Wealth in the ground represents an open-ended warrant on mining potential. Mines can grow, new ore bodies can be found, while bullion has no such potential open-ended expansibility.
Gold mining stocks (GDX) are incredibly cheap at $1,500 gold (GLD). Before the credit crisis in March of 2008 as gold hit $1000 an ounce, miners (GDX) hit its all time high of $55. Now three years later gold is 50% higher, yet the miners have barely been able to break out of the $55 range. Yamana (AUY) and Kinross (KGC) Gold are two majors that have been significantly underperforming gold over the past three years and are not near their pre credit price levels in 2008. These stocks have not provided any leverage to the price of gold to their shareholders. Investors are sticking to the bullion ETFs and are disinterested in the miners. This lack of interest in this sector signals we still have some way to go in this precious metals bull market.
The gold miners should be trading higher if they kept pace with the rise in the bullion. The standard deviation between miners and gold bullion has never been so great. It is at times such as these that investors can benefit from this apparent discrepancy.
Currently, mining stocks have corrected because of apprehension regarding the possible exit from QE2 and growing difficulties for miners worldwide. Investors who were burned during the 2008 credit crisis are concerned about a repetition of such an occurrence and its effect on a potential counter trend rally in the U.S. dollar (UUP) and long-term Treasuries (TLT). Small mining companies (GDXJ) depend on a readily available line of credit. Investors fear if the flow of capital were to be shut off as had been their experience in the past, their ability to operate might be impaired.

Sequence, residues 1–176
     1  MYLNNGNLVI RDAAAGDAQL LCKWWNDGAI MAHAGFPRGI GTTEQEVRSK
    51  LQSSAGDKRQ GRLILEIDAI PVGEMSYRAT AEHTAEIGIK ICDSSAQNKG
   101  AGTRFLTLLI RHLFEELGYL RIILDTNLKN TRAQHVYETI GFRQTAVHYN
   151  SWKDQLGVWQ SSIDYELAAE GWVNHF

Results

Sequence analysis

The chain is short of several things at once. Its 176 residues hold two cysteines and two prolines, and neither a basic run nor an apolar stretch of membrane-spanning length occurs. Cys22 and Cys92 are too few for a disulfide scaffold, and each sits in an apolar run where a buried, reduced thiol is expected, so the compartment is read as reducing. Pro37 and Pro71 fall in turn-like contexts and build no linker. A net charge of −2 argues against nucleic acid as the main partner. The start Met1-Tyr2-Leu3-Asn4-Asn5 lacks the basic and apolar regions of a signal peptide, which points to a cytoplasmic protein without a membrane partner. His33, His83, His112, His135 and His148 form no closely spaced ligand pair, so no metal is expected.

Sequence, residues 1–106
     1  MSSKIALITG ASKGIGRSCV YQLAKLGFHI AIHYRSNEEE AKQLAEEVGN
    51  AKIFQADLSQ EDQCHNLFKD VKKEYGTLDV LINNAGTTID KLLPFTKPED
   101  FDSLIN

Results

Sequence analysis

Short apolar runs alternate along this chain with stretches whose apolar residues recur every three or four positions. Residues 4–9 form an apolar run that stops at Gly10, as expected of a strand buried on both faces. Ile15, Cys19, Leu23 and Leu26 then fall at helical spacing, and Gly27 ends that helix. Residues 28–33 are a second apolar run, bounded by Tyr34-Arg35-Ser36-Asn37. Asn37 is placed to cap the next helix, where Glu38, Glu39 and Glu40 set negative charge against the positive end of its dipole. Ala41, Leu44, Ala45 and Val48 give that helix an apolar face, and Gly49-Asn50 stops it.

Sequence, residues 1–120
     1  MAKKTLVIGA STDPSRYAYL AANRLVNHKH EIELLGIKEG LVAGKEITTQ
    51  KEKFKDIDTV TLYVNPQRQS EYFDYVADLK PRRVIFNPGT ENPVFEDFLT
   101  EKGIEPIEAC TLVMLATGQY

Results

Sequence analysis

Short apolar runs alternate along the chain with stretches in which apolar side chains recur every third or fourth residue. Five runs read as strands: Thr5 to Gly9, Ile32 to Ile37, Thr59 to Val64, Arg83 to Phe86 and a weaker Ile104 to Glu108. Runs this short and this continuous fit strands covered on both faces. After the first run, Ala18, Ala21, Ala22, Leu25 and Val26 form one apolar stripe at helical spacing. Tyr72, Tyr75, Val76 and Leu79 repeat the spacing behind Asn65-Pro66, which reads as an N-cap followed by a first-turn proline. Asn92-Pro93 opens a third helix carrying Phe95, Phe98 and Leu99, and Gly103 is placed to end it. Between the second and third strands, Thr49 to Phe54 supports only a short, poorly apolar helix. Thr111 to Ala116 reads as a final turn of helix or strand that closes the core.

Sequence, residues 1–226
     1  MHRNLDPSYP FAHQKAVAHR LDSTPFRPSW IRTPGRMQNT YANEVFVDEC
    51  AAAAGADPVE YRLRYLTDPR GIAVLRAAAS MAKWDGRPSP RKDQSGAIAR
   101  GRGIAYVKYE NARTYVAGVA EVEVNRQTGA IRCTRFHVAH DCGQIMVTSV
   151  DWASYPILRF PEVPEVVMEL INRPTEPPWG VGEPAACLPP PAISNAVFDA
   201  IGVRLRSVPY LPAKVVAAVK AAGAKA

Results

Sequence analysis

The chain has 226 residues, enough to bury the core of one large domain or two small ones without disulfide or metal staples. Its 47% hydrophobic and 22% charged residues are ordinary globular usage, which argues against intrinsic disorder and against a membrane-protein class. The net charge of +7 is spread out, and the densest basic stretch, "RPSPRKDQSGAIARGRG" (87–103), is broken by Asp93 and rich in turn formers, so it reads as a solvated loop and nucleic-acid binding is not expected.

This may represent a buying opportunity for investors in small miners (GDXJ). Miners represent assets in the ground whereas ETFs such as GLD and SLV may have a built in weakness in the actual physical gold and silver they are holding. If called upon to produce the actual bullion, they might not be able to do so.
This would favor mining stocks that represent actual wealth in the ground.
There may be an implicit weakness in the very nature of a strictly bullion ETF. Simply put a large quantity of bullion may not be able to be produced on demand. Do not be surprised if the bullion ETFs find themselves unable to meet the demands of the marketplace.
In such cases, the miners would once again come into favor as the investment vehicle of choice. At present there is a deviation between bullion and assets in the ground. Investors may be reluctant to hold paper in such a climate of fear and uncertainty. There are presently astute wealthy investors who have sold some of their bullion to purchase mining stocks.
Again, note that many miners are presently languishing while bullion ETFs struts across the financial stage. This anomaly may not last much longer. Presently, mining stocks are going through a major fire sale, while bullion commands center stage.
In the markets, it's prudent to expect the unexpected. That's why we should seize the opportunity to buy straw hats in winter. Such an opportunity may be upon us now, as bullion ETFs may stumble in the future.
The gold mining ETF (GDX) may be making a critical turn in the low 50s as it has broken through trend support. The technical conditions are even more oversold than the reversal lows in January 2011, July 2010 and February of 2010. A move above the trendline and moving averages may turn out to be a very powerful buy signal and signal the current correction is over. Careful monitoring of the uptrend is required.
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Disclosure: Long GLD, SLV and GDX.